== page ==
Further to last month’s post about the Danxiashan national park in Guangdong, it’s worth mentioning that many of the rock formations bear uncanny resemblances to human sexual organs. (I have no photos of those, but Wikipedia does). Ancient Confucians probably avoided the area for these reasons, and it’s still very much off the beaten track, but modern China has few sex taboos and the local authorities have now erected — ahem — noticeboards explaining these interpretations of the sandstone monoliths.
“From a distance, it looks very much like a male genital!” exclaims a sign near the 28-metre Yangyuan Stone, abandoning the euphemistic language we have come to expect from Chinese literature. But it does, and there’s a complementary Yinyuan Cave nearby which does a good impression of the female anatomy.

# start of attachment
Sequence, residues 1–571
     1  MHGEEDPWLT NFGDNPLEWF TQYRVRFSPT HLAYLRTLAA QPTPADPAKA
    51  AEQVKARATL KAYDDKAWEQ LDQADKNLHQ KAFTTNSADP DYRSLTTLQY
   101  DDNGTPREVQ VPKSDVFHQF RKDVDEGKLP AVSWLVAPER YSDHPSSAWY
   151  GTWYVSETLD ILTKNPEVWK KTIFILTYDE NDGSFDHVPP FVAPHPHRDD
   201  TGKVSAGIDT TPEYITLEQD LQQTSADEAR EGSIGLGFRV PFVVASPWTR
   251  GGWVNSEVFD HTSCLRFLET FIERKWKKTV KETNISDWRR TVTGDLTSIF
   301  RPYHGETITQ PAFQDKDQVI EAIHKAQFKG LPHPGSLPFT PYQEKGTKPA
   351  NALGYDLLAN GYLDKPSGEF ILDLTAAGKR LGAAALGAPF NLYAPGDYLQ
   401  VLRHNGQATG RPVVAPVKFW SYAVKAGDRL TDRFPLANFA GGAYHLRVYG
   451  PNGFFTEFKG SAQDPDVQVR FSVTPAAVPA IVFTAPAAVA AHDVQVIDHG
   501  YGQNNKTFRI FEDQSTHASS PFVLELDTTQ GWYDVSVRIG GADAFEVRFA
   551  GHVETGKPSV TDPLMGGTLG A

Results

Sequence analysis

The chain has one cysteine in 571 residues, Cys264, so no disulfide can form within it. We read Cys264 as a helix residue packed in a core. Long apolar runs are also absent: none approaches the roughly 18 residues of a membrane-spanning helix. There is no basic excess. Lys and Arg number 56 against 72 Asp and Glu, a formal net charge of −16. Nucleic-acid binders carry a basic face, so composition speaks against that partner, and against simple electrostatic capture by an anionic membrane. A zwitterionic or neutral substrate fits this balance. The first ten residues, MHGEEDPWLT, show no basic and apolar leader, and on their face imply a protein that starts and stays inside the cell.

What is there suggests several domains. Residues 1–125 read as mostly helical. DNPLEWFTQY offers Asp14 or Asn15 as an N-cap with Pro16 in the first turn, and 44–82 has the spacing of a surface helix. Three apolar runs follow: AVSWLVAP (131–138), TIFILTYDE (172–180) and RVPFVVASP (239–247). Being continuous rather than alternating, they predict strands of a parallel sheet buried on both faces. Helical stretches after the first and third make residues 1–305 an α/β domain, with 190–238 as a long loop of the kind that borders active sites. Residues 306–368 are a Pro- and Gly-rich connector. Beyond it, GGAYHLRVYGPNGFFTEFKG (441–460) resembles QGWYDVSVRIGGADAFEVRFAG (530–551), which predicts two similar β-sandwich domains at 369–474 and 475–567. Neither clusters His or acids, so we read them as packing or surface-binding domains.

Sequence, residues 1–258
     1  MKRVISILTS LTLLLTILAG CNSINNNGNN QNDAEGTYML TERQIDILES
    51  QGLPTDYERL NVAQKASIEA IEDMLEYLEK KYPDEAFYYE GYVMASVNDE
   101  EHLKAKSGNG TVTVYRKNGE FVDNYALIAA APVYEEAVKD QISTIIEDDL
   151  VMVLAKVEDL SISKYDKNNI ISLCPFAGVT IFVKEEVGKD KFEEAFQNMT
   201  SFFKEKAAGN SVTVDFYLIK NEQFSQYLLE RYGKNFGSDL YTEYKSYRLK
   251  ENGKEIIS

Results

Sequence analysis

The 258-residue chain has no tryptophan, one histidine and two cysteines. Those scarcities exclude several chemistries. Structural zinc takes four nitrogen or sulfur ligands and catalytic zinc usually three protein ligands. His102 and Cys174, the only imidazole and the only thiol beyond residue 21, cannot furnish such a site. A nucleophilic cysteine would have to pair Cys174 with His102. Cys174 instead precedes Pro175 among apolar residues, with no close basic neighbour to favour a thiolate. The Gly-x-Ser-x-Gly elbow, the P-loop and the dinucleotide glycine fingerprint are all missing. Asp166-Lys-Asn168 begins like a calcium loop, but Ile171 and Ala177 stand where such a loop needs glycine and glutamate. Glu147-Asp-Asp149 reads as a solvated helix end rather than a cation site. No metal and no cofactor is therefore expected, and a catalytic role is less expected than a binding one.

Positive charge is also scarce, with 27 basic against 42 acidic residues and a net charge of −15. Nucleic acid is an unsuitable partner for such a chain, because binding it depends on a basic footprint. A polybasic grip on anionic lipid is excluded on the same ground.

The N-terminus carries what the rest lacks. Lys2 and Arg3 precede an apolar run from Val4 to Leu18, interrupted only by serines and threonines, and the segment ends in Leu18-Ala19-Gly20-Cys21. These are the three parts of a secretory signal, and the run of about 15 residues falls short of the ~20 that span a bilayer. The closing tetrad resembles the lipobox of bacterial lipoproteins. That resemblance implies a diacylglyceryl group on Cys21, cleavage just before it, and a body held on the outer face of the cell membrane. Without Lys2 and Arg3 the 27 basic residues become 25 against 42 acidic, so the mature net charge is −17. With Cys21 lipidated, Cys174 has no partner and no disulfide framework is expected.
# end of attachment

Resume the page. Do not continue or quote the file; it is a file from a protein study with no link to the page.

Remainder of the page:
Outside the park’s main entrance, then, there’s some logic to the existence of the China Sex Museum, which displays a collection of Chinese kama sutra texts, herbal aphrodisiacs, erotic jade carvings, Qing-dynasty sex toys and so on. The tittering girls at reception wouldn’t let me take photos of their explicit exhibits, but here are some pictures of the sculpture outside the museum. You get the idea.
Chongqing’s “Love Land” sex theme park was demolished earlier this year, so if you want to learn more about Chinese attitudes to sex throughout the ages, just take the train up to Shaoguan.